Tensions are rising between Google and Massachusetts-based Skyhook Wireless, a small company in the location-positioning field that, in parallel to suing Google for patent infringement, complained about bullying tactics. Skyhook recently stepped up its patent assertions against Google, resulting in a consolidated, bloated case involving 98 patent claims pending in the District of Massachusetts. Now Google has made an unusual aggressive move by asking the court on Monday to impose sanctions on Skyhook for violation of Rule 11, i.e., for bringing claims so frivolous that it had no good-faith reason to believe that these can ever succeed. If Google's motion succeeded, one of Skyhook's patents-in-suit will be dismissed without prejudice and Skyhook would have to bear "costs and attorneys' fees incurred in connection with [the] motion". Here's Google's motion (this post continues below the document):
The patent Google claims Skyhook is asserting in bad faith is U.S. Patent No. 8,031,657 on a "server for updating location beacon database". It's a continuation of a previously-asserted patent, U.S. Patent No. 7,414,988 (same title). The '988 patent was found invalid by the court, so Skyhook needs a successful appeal to resuscitate it. And Judge Rya Zobel has construed certain disputed terms of the earlier patents-in-suit, which is why Google believes Skyhook simply must know that the newly-asserted '657 patent can't possibly be found infringed: it was granted in 2011, and Google says that prior to the granting of this patent is stopped collecting access point data with cars (such as the Street View cars), which is the kind of systemic scanning with vehicles that Google claims is an indispensable requirement for an infringement finding under the court's construction of the related '988 patent.
Counsel for Skyhook stresses that his client and its legal team don't take allegations of sanctionable conduct likely, and disagrees with Google's lawyers that whatever happened with respect to the '988 patent makes it impossible for Skyhook to prevail on the '657 patent. Google attached to its motion for sanctions the related correspondence, and I've uploaded three of those documents to Scribd:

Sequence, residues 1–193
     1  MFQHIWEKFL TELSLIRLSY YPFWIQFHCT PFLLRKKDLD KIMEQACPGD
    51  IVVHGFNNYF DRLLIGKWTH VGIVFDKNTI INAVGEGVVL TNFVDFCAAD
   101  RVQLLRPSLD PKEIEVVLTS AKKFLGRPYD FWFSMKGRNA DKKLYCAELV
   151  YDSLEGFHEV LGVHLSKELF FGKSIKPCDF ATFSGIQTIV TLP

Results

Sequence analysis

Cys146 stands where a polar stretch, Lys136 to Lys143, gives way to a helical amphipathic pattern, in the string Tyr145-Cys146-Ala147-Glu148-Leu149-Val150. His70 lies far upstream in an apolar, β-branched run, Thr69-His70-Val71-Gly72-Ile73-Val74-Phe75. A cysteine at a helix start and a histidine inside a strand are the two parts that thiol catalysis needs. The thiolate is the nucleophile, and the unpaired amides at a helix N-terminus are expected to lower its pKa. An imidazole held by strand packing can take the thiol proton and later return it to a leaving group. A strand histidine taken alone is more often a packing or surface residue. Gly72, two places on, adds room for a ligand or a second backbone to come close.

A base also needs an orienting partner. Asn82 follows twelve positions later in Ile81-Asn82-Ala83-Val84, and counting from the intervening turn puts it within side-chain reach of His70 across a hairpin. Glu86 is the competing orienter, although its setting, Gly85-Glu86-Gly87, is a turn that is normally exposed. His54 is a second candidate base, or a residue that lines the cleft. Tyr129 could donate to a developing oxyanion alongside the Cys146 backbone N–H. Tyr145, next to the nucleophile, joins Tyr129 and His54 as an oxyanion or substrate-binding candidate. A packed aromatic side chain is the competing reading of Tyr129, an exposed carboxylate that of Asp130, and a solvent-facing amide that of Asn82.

A May 22, 2013 email Skyhook's counsel sent to Google's counsel in response to an early draft of the motion finally filed yesterday. In that response Skyhook's counsel says Google misreads the court's claim construction and points to differences between the '657 and '988 patents. For example, the older ('988) patent contains the term "avoid(s) arterial bias", while the '657 patents merely relates to the reduction of arterial bias. Another difference is that the '657 patent only requires "a plurality of Wi-Fi access points in the target area" to be included in a database, the earlier patent required "substantially all" access points to be included. Also, Skyhook argues that, with "well over 200 million Android smartphones and tablets [that] have now been activated in the US", and Google's past data collection with CityBlock vehicles, the data collected by Google on access points is "systematic, or at a minimum, equivalent to systematic", which would satisfy another claim limitation. Skyhook's counsel claims that "the claims of the 657 patent, as well as all other asserted Skyhook patents, were and are infringed by Google, both before and after Google asserts it ceased its CityBlock collection of Wi-Fi access point data".
In a June 6 letter Google's counsel insists that Skyhook withdraw the '657 patent from this case or else there would be a motion for sanctions. Among other things, Google argued that "reduce arterial bias" and "avoid arterial bias" are synonymous, and that Skyhook's infringement contentions are based on a claim construction that runs counter to an express disavowal of claim scope in the shared specification of the '657 and '988 patents.
Yesterday Skyhook's counsel responded to Google's lawyers and said that they simply disagree, but that doesn't mean that Skyhook is acting in bad faith:
"We are in receipt of your letter to me dated June 6, 2013 and have considered it carefully. The points you make are claim construction and infringement arguments with which we disagree. Those disagreements do not justify the Rule 11 motion that you say you intend to file. Such a motion would be without merit and inappropriate. Skyhook reserves all rights should Google proceed with filing its threatened motion."
After this exchange, Google went ahead and filed its motion, against Skyhook is now going to defend itself vigorously. After the court has ruled on this, we'll know whose credibility has ultimately taken a hit.
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